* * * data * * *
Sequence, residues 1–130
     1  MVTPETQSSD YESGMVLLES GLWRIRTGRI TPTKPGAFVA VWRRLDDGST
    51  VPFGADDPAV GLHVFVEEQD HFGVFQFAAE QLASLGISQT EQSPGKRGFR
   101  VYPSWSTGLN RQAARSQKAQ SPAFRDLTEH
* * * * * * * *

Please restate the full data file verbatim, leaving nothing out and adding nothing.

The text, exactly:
Sequence, residues 1–130
     1  MVTPETQSSD YESGMVLLES GLWRIRTGRI TPTKPGAFVA VWRRLDDGST
    51  VPFGADDPAV GLHVFVEEQD HFGVFQFAAE QLASLGISQT EQSPGKRGFR
   101  VYPSWSTGLN RQAARSQKAQ SPAFRDLTEH